Most of us are familiar by now with the popular methods of consumer biometrics, such as logging into our mobile devices with a fingerprint or face scan or activating Amazon Alexa or Google Home with our voice. Given the familiarity, ease of use, and prevalence of these consumer biometrics methods, it’s no surprise that enterprises rely on them for identification. However, enterprises are putting themselves at risk by using methods that are susceptible to fraud and hacking. That’s why enterprise biometrics are making headlines this year.
The rise in enterprise biometrics couldn’t be more relevant than in the healthcare industry, especially where biometrics are key to enabling and validating the true digital identity of clinicians and patients. Identity validation allows for high-trust, secure, and convenient access to patient information and the delivery of care in and out of the hospital. As a result, healthcare organizations are increasingly implementing methods of enterprise biometrics, such as a palm-vein scan or facial recognition, to ensure both security and convenience.
What are the key differences between consumer and enterprise biometrics?
When discussing the accuracy of a biometric, we should consider False Acceptance Rate (FAR) and False Rejection Rate (FRR). These two metrics combined help quantify how well a biometric system performs.
- FAR reflects how likely a biometric system is to accept the wrong biometric
- FRR is the rate at which the correct user’s biometric is rejected
Both have an impact on one another. A consumer-based biometric algorithm may choose to favor FRR to optimize usability, thereby sacrificing a bit of security by setting the algorithm for a higher FAR. In contrast, an enterprise biometric will tend to err more on the security side and sacrifice some user experience, instead.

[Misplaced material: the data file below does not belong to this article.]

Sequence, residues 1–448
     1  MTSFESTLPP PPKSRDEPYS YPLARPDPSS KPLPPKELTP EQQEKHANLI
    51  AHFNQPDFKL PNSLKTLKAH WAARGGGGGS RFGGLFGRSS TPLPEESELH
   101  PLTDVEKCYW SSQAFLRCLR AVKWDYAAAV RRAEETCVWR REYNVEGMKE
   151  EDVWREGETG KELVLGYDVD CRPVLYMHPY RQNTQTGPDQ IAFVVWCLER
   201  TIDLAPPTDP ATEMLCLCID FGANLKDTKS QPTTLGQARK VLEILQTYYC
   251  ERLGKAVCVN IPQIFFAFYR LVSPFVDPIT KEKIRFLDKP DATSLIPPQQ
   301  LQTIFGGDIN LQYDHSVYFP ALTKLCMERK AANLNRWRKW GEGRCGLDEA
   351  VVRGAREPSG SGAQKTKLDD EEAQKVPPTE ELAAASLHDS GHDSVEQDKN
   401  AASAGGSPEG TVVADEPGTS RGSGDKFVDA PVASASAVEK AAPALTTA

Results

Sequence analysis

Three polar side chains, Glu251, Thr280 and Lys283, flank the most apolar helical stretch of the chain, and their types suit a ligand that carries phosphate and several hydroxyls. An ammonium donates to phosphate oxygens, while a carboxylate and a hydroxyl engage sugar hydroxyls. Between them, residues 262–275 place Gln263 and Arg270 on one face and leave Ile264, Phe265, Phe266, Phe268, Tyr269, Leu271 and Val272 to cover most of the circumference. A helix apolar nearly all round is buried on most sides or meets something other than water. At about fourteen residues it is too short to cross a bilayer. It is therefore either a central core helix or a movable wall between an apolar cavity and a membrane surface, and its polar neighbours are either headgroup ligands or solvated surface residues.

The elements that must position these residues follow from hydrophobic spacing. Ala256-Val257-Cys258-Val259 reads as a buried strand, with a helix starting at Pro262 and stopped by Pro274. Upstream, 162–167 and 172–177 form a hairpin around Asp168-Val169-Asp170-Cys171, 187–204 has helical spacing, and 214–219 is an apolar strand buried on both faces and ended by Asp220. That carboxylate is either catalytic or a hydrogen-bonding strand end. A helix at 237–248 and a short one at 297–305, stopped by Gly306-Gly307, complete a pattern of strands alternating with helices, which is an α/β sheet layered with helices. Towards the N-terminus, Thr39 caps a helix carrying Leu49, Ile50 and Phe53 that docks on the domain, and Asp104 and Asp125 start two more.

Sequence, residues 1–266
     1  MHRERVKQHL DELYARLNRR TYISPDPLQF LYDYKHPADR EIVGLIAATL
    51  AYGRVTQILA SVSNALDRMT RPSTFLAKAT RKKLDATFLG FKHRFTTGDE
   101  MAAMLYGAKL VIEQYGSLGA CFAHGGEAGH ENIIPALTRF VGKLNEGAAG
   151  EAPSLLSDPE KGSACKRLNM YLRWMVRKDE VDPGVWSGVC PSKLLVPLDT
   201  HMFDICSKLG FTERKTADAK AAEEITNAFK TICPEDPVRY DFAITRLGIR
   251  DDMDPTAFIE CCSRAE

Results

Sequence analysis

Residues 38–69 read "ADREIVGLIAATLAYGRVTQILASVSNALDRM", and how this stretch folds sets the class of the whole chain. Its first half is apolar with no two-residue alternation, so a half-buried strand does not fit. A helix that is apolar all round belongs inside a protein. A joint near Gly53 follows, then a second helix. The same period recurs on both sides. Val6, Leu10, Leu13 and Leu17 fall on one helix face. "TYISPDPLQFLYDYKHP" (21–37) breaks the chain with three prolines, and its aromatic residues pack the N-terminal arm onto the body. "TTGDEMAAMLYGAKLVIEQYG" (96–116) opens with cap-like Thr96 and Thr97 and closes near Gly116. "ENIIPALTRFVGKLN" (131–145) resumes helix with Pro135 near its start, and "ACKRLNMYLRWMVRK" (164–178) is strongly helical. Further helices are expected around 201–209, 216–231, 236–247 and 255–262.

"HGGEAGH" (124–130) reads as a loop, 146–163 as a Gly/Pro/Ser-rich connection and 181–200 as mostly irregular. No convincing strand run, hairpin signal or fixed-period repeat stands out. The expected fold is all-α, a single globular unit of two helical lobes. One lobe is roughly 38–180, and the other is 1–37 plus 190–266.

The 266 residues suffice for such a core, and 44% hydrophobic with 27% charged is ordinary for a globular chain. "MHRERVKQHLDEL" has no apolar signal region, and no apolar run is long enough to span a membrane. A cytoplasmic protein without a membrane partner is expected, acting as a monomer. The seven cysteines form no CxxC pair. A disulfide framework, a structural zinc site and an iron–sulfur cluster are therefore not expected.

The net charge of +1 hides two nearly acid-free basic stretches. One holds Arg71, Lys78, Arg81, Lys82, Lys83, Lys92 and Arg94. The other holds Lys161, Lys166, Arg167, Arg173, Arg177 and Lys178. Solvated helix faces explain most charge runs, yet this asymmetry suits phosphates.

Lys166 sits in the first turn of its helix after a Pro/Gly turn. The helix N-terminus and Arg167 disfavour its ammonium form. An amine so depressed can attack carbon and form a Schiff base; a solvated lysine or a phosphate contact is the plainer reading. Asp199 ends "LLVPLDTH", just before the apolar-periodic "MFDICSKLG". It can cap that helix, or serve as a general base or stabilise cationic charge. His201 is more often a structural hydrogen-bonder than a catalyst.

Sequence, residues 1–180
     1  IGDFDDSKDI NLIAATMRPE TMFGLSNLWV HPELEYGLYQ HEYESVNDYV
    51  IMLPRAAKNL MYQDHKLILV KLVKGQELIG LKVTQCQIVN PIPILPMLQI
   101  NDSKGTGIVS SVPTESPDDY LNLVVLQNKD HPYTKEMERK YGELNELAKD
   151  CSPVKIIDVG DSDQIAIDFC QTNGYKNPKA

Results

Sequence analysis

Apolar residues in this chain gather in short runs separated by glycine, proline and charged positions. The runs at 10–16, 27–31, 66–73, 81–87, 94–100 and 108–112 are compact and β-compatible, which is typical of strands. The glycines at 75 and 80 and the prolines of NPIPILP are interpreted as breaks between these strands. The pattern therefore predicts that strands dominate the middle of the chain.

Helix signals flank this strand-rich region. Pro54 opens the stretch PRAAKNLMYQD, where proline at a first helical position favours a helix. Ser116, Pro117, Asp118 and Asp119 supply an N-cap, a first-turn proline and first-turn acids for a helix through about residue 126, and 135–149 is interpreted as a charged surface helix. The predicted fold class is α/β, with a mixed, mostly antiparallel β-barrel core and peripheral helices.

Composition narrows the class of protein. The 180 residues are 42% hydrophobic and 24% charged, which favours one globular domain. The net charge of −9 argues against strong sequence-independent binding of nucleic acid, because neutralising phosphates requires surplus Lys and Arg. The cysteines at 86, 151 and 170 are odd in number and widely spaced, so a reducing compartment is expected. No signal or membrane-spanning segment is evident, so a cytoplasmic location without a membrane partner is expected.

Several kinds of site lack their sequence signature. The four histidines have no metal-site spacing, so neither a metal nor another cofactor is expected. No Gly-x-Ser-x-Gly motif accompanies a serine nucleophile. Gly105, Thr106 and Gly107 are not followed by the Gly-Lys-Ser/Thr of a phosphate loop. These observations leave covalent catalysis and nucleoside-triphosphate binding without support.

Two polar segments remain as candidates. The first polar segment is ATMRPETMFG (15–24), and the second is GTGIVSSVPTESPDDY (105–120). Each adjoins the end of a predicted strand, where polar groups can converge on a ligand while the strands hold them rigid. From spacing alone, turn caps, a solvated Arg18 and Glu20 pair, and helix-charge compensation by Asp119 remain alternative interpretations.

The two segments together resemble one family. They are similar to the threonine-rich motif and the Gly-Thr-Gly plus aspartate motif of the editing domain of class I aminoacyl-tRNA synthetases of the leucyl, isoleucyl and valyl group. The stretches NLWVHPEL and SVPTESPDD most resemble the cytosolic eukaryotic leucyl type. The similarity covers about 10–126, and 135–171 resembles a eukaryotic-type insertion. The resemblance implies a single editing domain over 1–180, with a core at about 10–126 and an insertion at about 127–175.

This focuses on attacks from fraudsters, which range from the primitive to the extremely sophisticated, using a high-quality copy of your biometric.
One of the most basic types of attacks uses a person’s photo, which can easily be obtained from an individual’s social media presence, such as a LinkedIn page. Fraudsters will present the photo to a PC or phone and hope the system grants them access. To help curb these attacks, companies use hardware such as IR cameras that can easily detect that a printed piece of paper or phone with the user’s image is being presented.
However, companies need tighter security methods for persistent attackers.
At the enterprise level, software can be used to stop attacks with AI algorithms that are either passive or active:
- Active algorithms require the user to perform actions such as a blink, a smile, or a turn of the head
- Passive algorithms check for natural face motions such as blinking and micro-movements in the face
These systems are so advanced, that they can even detect imposters wearing lifelike masks.
In a future post, we’ll dive into additional differences between consumer and enterprise biometrics.